The recent changes introduced to the method of removal of judges of the Supreme Court of Bangladesh and the consequent triumph of an all-powerful executive over the Judiciary : Judicial Independence in peril
Bari, M. Ehteshamul. (2020). The recent changes introduced to the method of removal of judges of the Supreme Court of Bangladesh and the consequent triumph of an all-powerful executive over the Judiciary : Judicial Independence in peril. Cardozo International & Comparative Law Review. 4(2), pp. 653-696.
|Authors||Bari, M. Ehteshamul|
Nothing contributes more to the firmness and independence of the judiciary as permanency in office, as it enables judges to decide cases, regardless of whether their decisions please the executive or the legislature. The Constitution of Bangladesh, 1972, originally empowered the Parliament to remove judges of the Supreme Court only on the grounds of proved misbehavior or incapacity. However, the Constitution (Fourth Amendment) Act, 1975, which replaced parliamentary democracy with a presidential form of government, empowered the President to remove the judges of the Supreme Court in accordance with his own will. But two years later in April 1977, the Martial Law regime of General Zia, once again changed the method of removal of the judges through a Proclamation Order, which was later validated by the Constitution (Firth Amendment) Act, 1979. This removal procedure stipulated that a judge of the Supreme Court could only be removed from office by the President on the recommendation of the Supreme Judicial Council, which was to be composed of the Chief Justice of the nation and the two next senior judges of the Supreme Court. This method of removal of judges was consistent with the international norms concerning judicial independence. However, the government of Bangladesh Awami League (BAL) used its absolute majority in the Parliament to pass the Constitution (Sixteenth Amendment) Act, 2014, for repealing this transparent method of removal. Instead, this amendment once again vested the power to remove judges in the Parliament. The Supreme Court, however, in July 2017, under the stewardship of Chief Justice SK Sinha declared that the Sixteenth Amendment was ultra vires the Constitution. In retaliation for the Chief Justice's fearless judgment in the Sixteenth Amendment Case, the regime of BAL not only forced him to resign from office, but also to leave the country. The objective of this Article is to demonstrate that the enactment of the Sixteenth Amendment and the subsequent measures have been preferred for bringing the superior judiciary under the control of an all-powerful executive. It will be shown that these measures have unduly impaired the independence of the judges to decide cases without the fear of adverse consequences. Consequently, this Article will put forward recommendations for safeguarding the independence of the superior judiciary.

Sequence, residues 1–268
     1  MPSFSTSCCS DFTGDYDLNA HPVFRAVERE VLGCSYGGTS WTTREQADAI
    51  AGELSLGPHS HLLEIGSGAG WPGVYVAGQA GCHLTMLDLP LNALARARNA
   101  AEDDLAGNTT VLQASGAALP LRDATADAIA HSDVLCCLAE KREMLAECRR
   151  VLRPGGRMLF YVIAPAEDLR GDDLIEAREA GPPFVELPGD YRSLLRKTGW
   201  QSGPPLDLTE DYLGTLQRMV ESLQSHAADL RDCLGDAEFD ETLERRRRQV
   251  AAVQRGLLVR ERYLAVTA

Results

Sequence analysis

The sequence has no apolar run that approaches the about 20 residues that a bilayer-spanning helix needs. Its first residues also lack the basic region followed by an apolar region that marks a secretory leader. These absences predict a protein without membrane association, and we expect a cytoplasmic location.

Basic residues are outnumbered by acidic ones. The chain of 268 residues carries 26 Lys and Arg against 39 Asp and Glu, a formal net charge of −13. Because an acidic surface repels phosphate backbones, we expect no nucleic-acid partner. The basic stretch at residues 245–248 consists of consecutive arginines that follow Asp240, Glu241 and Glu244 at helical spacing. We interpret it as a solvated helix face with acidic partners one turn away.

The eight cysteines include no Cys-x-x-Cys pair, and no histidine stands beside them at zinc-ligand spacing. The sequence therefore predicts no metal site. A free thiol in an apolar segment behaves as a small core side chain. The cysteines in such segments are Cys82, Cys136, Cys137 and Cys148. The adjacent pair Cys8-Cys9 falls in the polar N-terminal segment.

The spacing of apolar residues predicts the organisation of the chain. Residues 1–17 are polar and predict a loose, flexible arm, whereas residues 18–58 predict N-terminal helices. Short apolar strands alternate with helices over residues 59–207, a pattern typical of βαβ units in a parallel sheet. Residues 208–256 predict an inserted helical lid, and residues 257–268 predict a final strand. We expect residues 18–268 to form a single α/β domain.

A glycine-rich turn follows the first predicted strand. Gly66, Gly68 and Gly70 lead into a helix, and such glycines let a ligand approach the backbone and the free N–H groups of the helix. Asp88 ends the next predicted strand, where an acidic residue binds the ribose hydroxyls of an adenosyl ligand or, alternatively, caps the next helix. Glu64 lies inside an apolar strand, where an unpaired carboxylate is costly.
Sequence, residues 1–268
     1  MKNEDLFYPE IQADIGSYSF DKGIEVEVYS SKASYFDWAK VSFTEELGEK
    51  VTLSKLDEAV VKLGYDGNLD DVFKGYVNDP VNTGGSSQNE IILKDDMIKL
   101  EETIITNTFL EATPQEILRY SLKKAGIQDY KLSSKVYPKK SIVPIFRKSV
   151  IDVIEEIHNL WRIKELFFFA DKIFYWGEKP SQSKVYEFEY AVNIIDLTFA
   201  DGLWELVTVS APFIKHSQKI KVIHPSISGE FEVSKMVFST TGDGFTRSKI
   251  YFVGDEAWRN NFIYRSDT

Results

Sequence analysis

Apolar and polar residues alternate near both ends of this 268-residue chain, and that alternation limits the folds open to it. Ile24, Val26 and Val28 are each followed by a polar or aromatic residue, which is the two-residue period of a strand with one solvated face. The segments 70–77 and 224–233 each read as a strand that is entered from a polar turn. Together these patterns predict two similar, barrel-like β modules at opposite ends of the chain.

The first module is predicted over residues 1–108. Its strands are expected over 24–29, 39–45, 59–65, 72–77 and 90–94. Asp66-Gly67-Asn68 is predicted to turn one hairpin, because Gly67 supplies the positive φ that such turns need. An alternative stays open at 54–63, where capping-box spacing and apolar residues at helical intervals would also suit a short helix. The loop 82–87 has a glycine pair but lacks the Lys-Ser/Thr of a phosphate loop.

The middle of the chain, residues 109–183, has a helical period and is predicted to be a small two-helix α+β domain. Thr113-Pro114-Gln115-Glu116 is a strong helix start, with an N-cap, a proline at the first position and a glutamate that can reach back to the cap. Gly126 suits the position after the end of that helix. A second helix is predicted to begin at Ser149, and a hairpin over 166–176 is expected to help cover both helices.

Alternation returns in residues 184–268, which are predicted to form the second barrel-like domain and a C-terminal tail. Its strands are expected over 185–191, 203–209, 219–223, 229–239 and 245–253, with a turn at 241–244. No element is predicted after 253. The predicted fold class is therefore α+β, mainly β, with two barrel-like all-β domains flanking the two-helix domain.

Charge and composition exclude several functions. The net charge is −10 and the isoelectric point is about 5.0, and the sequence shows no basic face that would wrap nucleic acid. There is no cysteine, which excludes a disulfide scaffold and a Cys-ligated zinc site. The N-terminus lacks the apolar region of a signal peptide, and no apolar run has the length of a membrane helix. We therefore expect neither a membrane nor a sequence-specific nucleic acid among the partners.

|Journal||Cardozo International & Comparative Law Review|
|Journal citation||4 (2), pp. 653-696|
|Publisher||Benjamin N. Cardozo School of Law, Yeshiva University|
|Web address (URL)||https://www.cardozociclr.com/current-issue|
|Research or scholarly||Research|
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|Deposited||07 Sep 2021|
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